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Abstract: India-Latin America engagement has revolved around the idea of south-south solidarity, a fact that continues to be of great importance even today. However, with the turn of the century, the relationship has been marked by pronouncements of its potential. Even as trade has grown and business relationships improved, the numbers do not explain these pronouncements of potential. It begs to be asked then, what are the factors that prompt analysts to continue to stress this potential? The answer lies in the historical resource richness of Latin America. The ever-growing character of Indian economy underlines the expectation of growing demand for resources and search for energy security. This chapter studies India’s energy interests in LAC. It situates these investments in the historical context of social, political and economic relations between the two and projections for the future trajectory of the relationship in a post-pandemic world. Keywords: India, Latin America, energy cooperation, Indian foreign policy, south-south cooperation.
... The author has significantly analysed these recent developments in Botella-Rodríguez (2019, 2020 and shows that the positive trends within the peasant sector that this paper documents have continued since that time. For further developments on Cuba's agriculture, see also and Mesa- Nova González & Figueroa Alfonso (2018) on recent transformations in Cuban agricultural policy and impacts on markets and production; Gürcan's (2014) analysis of Cuban agriculture restructuring shows that food sovereignty policies are built on a multidimensional strategy emerging out of a state/civil-society partnership at the local, national, and regional levels. For comparative studies, see also Enríquez (2010) As Vergara-Camus (2017: 426) points out, 'considering the diversity and fragmented nature of the subaltern classes, we must recognise that there are all kinds of 'alternatives' to neoliberalism. ...
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Cuban peasants had a significant role model in the past as they returned to the political agenda after the Revolution, and with particular emphasis during the Special Period, to confront the lack of food imports. The fall of Communism in the wider world forced Cuba to implement an alternative agriculture model that revolutionised production patterns and decentralised land structures and commercialisation. Did these changes create opportunities for small farmers during the 1990s and early 2000s? And if so, what kinds of opportunity were created? This article assesses the initial effects of re-peasantisation in terms of increasing small farmers’ incomes and significance in numbers, and their contribution to national food production (considering production and productivity levels), from 1990 to the end of Fidel Castro’s administration. Keywords: Cuba, small farmers, re-peasantisation, Special Period, agriculture.
The persistence of the peasantry challenges conceptualizations of smallholders on both the left and the right. It also highlights the vital role that smallholders play in socio-ecosystems. This paper uses the Cuban agroecological transition to re-think the role that smallholders play in development discourse and practice. By analyzing the public policies that Cuba enacted after the Special Period, this article derives several public policy lessons – including securing land tenure, localizing food production and regulating market development – to inform smallholder-driven transition elsewhere. These lessons provide important points of departure for efforts to improve the social, economic and ecological dynamics of smallholder agriculture.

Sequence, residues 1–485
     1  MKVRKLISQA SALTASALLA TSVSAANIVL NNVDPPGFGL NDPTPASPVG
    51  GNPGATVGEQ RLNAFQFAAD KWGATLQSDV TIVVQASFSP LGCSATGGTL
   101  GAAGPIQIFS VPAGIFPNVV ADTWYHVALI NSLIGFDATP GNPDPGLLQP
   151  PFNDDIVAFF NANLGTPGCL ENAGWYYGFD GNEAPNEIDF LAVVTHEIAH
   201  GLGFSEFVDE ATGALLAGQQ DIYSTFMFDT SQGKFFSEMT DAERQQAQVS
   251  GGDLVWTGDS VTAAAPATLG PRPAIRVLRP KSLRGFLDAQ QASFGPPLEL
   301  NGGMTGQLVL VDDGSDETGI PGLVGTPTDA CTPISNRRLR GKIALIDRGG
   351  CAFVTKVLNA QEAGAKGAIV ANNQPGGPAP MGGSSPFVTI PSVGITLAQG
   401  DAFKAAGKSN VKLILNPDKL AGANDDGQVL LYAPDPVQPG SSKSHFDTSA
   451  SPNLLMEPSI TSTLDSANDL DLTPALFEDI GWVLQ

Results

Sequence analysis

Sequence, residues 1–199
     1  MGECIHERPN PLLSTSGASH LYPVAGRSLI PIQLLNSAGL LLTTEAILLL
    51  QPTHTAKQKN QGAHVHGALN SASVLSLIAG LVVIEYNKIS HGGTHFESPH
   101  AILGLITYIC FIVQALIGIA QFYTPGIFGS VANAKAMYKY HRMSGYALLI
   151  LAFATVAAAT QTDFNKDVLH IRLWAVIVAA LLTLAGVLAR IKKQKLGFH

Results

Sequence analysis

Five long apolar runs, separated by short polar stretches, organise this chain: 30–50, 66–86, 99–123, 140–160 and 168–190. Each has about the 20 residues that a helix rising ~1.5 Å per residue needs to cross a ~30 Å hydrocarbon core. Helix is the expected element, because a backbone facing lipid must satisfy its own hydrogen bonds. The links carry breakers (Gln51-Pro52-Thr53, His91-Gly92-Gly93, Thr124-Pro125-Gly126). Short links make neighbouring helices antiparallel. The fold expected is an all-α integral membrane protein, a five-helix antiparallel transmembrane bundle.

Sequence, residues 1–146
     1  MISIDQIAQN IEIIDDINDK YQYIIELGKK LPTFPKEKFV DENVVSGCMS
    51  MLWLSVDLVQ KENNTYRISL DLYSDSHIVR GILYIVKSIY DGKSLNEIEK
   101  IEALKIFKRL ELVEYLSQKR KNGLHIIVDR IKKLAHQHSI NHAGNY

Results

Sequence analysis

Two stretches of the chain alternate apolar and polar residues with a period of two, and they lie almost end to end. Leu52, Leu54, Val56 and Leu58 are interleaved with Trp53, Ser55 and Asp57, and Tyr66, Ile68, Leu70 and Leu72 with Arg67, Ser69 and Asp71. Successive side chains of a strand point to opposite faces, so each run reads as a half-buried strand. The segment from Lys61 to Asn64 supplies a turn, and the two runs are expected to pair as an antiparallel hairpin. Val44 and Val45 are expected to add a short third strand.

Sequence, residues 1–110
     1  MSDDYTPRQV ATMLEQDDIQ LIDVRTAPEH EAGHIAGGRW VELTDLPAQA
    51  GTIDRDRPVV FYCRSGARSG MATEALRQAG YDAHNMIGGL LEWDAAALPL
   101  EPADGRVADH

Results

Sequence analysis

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This paper aims to analyse the trajectory and dynamics of Cuban agriculture since the Revolution. It examines the main challenges, divergences and contradictions of its socialist strategy in the agrarian sector, stressing the limits of the industrial and agricultural models and the forces of production inherited from the capitalist world. For this purpose, I examine changes and continuities in terms of land management, crop production, the technological model and agricultural policy. Finally, I look at Cuban agriculture transformations in the 1990s from a social and solidarity economy perspective, signalling their contributions to the renewal of Cuban socialism.
The concept of moral economy can be applied to all types of economies as they all involve conceptions of the ‘common good’ that determine who gets what, why and how, and who is responsible for this distribution, eg state or private actors. In this paper, we use the concept of moral economy to demonstrate how particular morals and logics shape public health governance in Cuba, comparing these with market liberal contexts. The paper draws from ethnographic and interview data from Cuba to evaluate the benefits and drawbacks of Cuban agri-food governance, against the backdrop of market liberal approaches. While Cuban interviewees justified their activities in terms of Cuba’s moral economy of collective need, there were also instances when the socialist moral economy conflicted with individual needs and aspirations. We conclude that, despite its faults, Cuba’s holistic approach to food and agriculture illustrates how ecological approaches to public health might work in practice.